Andy Goldsworthy’s installation seeks to signal anti-imperialism at a notoriously capitalist site.
After almost 20 years, what started as a temporary memorial has turned into a symbol of extreme nationalism.
Artist Wolfgang Staehle inadvertently captured the first plane crashing into the World Trade Center on his webcam.
Since last summer, artists have been invited to create works for free on the 69th floor of Four World Trade Center, a raw space that was recently leased to Spotify.
The Michael Richards exhibition on Governors Island, curated by Alex Fialho and Melissa Levin, proves what an astonishing loss it was when the artist was killed on 9/11.
It was in the late spring of 2005 when the story first started making the rounds.
On the 1oth anniversary of September 11, 2001, Loft in the Red Zone, an artistic tribute to 9/11, opened at the historic JP Morgan Building at 23 Wall Street. A week later the show was wrapped up in the middle of Occupy Wall Street as protesters, barricades and police invaded the area at the start of the occupation. Loft in the Red Zone is now joining in the movement, hosting a pop-up exhibition entitled No Comment that is inspired by Occupy Wall Street.
Has she no decency? At long last, has she no decency? The transgressive, titillating performance artist Karen Finley was denied a grant from the National Endowment for the Arts in 1990 because the language and content in her work was deemed “indecent.” Along with three other artists she became part of the infamous Supreme Court case The National Endowment for the Arts v. Karen Finley, which culminated in the discontinuation of individual artist grants. In her interview with Hyperallergic, Finley reflects on the past of New York City, the state of women in the arts, Lady Gaga and more.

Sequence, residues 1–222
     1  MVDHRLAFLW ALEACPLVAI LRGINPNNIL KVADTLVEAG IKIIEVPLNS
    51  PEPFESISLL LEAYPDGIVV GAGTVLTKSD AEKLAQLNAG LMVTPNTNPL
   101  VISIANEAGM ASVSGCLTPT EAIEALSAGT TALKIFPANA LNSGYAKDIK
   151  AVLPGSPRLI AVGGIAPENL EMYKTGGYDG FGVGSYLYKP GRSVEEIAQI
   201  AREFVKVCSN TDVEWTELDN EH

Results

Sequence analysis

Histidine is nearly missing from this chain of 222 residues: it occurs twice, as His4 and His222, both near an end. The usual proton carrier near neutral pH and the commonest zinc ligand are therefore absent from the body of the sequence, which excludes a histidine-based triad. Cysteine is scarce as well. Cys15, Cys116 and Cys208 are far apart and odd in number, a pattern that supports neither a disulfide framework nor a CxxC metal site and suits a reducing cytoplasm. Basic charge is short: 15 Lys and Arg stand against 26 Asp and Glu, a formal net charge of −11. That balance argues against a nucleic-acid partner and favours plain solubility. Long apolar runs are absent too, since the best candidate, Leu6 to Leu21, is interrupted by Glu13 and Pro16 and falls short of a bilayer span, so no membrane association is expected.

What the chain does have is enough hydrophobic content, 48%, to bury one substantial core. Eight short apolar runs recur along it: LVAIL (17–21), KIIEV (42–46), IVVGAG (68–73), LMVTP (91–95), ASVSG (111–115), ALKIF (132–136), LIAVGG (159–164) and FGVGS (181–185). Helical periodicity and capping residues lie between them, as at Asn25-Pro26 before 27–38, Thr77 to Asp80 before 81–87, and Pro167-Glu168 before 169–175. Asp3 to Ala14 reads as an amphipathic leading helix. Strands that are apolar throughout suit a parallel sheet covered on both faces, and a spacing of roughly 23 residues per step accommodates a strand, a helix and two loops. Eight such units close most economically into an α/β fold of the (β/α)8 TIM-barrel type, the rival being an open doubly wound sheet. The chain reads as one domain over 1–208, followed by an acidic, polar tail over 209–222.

What role can/ should street art play in a broader program of national memorials and monuments. Can we as a public take these kinds of installations seriously, or will the intent of the artist always be suspect?
Living blocks from Ground Zero since 2004, I’ve never been a fan of the September 11 tribute overload with its countless ceremonies, blocked streets, morbidly curious tourists and nutty 9/11 Truthers. This year, I spent 9/11 watching visual and performance artist Hunter Reynolds in a 9/11 tribute Mummification performance, which was an intensely powerful experience.
Waterfalls now cascade and soothe at Ground Zero. Actually, the word “ground zero” may soon wither into an anachronism because the new memorial is a stunning work of art in its own right.
Today is the 10th Anniversary of 9/11 and this edition of Required Reading is about 9/11 and the power of images.